When you're a teenager – making art, making music, making love – the real world feels a million miles away. Marriage, jobs, kids, benefits, 401(k) plan – all of it feels like a future for someone else, not for the artist you currently are. I'm sure these adult problems probably never crossed the mind of Mike Kinsella, or any of his bandmates in American Football, back in the late '90s when they were writing their first record.
They were kids, writing about young love, writing with a whole lot of heart, pulling inspiration from bands like Shudder to Think, messing around with tunings and time signatures and subsequently influencing a future generation that would come to relate to a then-unheard-of genre called "emo."
Their music was young, it was naive, and it was meant to be such because that's what they were. "It wasn't meant to be heard by a bunch of people. It was just sort of an art project," Kinsella tells Orlando Weekly, on a balmy Midwest summer afternoon after swimming with his kids. But that album was heard by a bunch of people, and even though the band stopped playing out almost immediately after recording their first album in 1999, and split up soon after, a weird thing happened in the 15 years that followed. American Football gained an international cult following. So when, in 2014, they decided to reunite and play a handful of shows they were surprised to not only find themselves playing to sold-out rooms but playing to a crowd too young to have even been around when their first record hit.
"At first it felt ... funny. It felt like I was faking it, kind of. Like I was in a cover band," Kinsella confesses. "[The songs] almost have taken on a new meaning, like I'm reinterpreting them while I'm singing. It's a way to keep it interesting to me. Still, there are lines that you can tell I'm kind of cringing or laughing while I'm singing 'em. And then there's some I interpret in a new way and that I can barely get through without crying."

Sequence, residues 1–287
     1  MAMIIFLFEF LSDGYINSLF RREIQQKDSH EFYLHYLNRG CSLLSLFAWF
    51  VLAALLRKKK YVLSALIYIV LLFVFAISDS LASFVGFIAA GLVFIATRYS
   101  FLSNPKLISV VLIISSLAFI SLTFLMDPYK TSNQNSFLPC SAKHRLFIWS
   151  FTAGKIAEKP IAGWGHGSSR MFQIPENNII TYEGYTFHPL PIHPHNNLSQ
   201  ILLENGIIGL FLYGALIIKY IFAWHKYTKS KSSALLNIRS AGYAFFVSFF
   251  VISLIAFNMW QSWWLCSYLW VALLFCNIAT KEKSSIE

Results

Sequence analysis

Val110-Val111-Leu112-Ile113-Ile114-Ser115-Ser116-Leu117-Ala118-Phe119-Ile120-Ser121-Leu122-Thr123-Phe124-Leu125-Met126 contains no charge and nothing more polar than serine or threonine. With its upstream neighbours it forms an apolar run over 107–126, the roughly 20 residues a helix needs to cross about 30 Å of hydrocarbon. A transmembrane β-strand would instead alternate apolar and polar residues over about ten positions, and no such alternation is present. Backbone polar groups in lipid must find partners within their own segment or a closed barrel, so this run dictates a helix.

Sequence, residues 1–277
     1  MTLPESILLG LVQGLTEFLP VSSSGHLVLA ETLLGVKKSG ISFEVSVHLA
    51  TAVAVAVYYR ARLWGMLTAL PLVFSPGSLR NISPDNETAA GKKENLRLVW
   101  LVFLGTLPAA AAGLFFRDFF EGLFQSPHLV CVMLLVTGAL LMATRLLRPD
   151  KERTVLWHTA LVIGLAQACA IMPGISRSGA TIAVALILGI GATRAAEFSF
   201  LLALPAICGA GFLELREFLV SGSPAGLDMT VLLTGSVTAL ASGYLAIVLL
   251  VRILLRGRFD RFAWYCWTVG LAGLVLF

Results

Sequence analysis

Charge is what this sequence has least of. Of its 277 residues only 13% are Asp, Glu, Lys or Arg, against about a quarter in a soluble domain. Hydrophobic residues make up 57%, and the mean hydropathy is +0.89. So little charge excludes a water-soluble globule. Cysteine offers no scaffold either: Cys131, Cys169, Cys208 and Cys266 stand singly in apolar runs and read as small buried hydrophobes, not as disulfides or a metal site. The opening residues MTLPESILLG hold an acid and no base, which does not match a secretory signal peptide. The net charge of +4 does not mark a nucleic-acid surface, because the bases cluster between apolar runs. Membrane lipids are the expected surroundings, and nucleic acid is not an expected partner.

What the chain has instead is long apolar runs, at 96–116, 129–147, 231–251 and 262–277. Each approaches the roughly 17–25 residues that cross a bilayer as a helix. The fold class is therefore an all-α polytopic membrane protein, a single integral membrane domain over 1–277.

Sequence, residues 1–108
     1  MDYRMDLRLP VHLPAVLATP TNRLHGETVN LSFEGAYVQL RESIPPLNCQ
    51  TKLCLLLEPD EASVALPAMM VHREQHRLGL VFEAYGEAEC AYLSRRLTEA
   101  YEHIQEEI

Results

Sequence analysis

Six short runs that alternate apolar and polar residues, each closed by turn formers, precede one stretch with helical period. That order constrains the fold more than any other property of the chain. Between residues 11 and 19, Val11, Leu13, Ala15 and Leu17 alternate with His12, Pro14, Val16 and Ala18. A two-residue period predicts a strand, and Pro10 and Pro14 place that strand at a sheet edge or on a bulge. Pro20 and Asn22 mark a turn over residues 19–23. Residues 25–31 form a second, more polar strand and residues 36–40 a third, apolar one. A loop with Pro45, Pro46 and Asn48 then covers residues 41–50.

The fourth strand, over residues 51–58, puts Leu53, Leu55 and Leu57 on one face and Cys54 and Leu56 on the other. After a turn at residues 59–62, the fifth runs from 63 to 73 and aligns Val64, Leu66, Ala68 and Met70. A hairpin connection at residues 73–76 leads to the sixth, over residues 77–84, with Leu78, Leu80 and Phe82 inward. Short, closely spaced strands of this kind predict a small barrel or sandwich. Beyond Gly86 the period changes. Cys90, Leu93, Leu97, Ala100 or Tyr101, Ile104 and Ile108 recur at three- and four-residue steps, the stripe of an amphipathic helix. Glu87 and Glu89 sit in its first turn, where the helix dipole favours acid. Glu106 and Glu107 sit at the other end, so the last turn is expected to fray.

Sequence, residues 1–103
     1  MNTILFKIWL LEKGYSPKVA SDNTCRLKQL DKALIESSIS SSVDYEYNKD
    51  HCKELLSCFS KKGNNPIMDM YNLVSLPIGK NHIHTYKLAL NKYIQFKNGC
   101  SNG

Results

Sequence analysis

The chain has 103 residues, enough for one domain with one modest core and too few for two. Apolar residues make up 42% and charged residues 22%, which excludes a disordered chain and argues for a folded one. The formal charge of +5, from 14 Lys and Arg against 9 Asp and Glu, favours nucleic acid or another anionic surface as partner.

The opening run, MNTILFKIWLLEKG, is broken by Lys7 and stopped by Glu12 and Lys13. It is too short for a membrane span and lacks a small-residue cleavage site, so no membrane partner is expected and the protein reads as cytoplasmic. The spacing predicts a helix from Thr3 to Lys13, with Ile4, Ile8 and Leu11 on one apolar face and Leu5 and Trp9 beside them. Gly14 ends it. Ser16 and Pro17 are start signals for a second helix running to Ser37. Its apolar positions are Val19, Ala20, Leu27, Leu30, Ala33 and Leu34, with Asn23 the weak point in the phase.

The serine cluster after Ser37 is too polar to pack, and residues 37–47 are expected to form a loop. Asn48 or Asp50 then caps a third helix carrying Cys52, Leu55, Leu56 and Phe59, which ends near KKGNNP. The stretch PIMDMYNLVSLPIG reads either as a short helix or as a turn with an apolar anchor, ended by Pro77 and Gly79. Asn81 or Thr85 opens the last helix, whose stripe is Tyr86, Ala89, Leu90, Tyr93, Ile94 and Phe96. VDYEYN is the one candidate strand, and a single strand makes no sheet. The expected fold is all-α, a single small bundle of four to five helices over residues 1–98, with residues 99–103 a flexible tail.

Imagine digging out your old journals from high school, finding the most naked and vulnerable entries, and then singing them to a room full of strangers, decades later. "That's exactly what it is. ... If this thing had started as us trying to push it on people or sell it to people, then maybe I'd be more embarrassed by it, but it happened organically ... we were surprised that people were even interested. ... At this point, I think that everyone is coming to it from a nostalgic standpoint."
And at this point in the band's lives, they're just searching for a "creative release" after the kids go to bed: "It's an artistic part-time job." Because, as Kinsella tells OW, "Everything that sounds so stereotypical when it happens to other people, when you get older, is totally fucking true."
And though there's no telling what the future will hold for the unpredictable life cycle of American Football, Kinsella does reveal that the band has been writing new music. "When we were working on the second record we were like, 'Oh my God, people are gonna lose their minds if they liked the first record, 'cause this is so much better than that!' And now we're working on new music and we're like, 'Holy cow if they liked that second record, they're gonna fucking love this new record!'"
Nearly 20 years after their inception, American Football will make their Orlando debut on a mini-tour that hits a couple of cities in California and a couple of cities in Florida – and that's it. Even more special for Orlando, local emo heroes You Blew It! plan on coming out of their own hiatus to play as support on these three Florida dates.